Govt. moves to keep parties outside RTI

Consensus among most parties that CIC has exceeded its jurisdiction

Updated - November 28, 2021 08:40 pm IST

Published - August 02, 2013 12:47 am IST - NEW DELHI:

The Union Cabinet has approved draft amendments to the Right To Information Act (RTI) that would nullify an order of the Central Information Commission (CIC) bringing the six national political parties under the orbit of the Act.

The draft amendments to the RTI are expected to be moved in the monsoon session of Parliament beginning on August 5 and voted upon as there is consensus among most of the parties that the CIC has exceeded its jurisdiction by passing such an order.

In its order in early June, the CIC, in response to petitions by several RTI activists, had ruled that the national parties have to share details with RTI petitioners on issues related to their funding and the criteria on which they have selected candidates for fighting elections.

The amendments will ensure that the political parties are not obliged to disclose the basis on which they have chosen their candidates.

The parties are already obliged to disclose their funding details under other laws. The position of the Communist Party of India (Marxist) on the CIC order echoes the sentiments of most of the parties. The party had said that it “cannot accept the order of the Central Information Commission that political parties are to be treated as ‘public authorities’ and brought under the purview of the Right to Information Act. This decision is based on a fundamental misconception about the role of political parties in a parliamentary democracy.”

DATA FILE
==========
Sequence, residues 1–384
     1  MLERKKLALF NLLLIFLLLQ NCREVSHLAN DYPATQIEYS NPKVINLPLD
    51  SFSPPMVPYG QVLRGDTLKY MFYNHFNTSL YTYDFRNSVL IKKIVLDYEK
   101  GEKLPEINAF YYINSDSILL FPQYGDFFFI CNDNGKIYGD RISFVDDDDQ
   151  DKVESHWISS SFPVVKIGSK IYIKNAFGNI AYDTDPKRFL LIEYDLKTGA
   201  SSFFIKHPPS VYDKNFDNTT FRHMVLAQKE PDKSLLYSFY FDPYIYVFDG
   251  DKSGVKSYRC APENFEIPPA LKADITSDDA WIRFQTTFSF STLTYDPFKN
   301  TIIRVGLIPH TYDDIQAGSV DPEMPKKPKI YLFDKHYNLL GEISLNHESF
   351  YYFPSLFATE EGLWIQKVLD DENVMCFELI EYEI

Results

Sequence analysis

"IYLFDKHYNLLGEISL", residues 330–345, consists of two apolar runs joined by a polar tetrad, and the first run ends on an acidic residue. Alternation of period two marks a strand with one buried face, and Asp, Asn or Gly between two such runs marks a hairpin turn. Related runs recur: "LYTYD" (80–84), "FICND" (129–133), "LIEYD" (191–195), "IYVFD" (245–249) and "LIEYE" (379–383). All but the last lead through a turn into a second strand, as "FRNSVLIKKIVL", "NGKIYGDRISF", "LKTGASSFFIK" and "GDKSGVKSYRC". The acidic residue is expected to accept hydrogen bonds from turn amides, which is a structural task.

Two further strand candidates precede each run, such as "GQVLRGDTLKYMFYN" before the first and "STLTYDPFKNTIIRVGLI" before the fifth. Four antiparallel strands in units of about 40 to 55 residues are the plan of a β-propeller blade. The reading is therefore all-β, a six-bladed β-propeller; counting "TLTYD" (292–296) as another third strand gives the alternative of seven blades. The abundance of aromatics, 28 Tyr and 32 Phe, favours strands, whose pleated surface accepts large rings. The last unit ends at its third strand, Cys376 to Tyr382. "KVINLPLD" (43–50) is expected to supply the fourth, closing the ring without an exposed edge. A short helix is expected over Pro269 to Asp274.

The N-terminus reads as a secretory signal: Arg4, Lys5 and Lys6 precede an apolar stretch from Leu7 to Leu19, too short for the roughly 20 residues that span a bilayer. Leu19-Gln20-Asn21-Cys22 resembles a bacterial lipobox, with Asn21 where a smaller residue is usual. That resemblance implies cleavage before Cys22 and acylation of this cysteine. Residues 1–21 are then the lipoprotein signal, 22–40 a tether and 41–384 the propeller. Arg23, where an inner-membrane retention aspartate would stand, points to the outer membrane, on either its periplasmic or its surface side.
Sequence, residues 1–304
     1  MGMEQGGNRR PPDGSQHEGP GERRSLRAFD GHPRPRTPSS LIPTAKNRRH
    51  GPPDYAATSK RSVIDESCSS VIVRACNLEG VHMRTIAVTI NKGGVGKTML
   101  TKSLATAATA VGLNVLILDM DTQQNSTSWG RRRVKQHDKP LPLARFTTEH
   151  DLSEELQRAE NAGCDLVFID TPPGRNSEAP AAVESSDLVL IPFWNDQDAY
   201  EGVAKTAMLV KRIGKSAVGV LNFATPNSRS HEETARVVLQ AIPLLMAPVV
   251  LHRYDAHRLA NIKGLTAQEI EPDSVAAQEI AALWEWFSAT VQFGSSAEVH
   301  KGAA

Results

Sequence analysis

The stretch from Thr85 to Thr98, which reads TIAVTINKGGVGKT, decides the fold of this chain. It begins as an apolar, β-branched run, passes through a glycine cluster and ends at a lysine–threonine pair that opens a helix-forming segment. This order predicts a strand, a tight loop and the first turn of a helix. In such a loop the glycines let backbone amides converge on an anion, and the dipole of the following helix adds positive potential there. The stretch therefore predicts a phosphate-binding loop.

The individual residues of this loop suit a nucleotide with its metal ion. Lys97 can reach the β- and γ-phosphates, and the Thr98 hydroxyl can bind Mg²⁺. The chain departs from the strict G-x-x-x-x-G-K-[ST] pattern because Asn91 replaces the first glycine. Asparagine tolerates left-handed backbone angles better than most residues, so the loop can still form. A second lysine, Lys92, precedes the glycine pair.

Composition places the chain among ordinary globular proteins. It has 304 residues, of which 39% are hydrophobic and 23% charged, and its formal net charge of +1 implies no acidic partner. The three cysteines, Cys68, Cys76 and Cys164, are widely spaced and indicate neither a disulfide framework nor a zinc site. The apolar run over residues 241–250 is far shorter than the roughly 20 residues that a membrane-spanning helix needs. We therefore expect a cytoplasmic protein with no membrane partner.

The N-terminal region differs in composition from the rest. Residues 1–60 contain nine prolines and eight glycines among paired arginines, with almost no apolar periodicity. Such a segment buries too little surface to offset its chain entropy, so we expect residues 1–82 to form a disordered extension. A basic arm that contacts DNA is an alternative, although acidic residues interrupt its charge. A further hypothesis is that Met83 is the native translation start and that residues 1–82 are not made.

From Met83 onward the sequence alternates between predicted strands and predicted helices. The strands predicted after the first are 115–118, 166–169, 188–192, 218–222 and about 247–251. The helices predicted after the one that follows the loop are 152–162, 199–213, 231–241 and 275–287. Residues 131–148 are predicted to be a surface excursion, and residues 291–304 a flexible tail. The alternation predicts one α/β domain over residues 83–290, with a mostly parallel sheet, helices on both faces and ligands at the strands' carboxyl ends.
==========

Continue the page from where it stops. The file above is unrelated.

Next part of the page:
Parliamentary Affairs Minister Kamal Nath told reporters that the government has chosen to approve the amendments because the majority of the political parties want these amendments.

The CPI (M) had argued that to apply the Right to Information Act and demand access to the internal deliberations of the party whether it be on policy matters, organisational decisions or selection of candidates will constitute a serious infringement of inner-party functioning, confidentiality of discussions and undermine the political party system itself.

“Opponents of a political party can utilise the RTI as an instrument to destabilise a party,” the party said.

The party had said, “One of the concerns of the CIC seems to be transparency of the funding and finances of political parties. At present, according to the law, all political parties are required to submit their accounts to the Income Tax department and the Election Commission. Already under the RTI, the statement of accounts and the finances of the parties are accessible to anyone from the Election Commission.”

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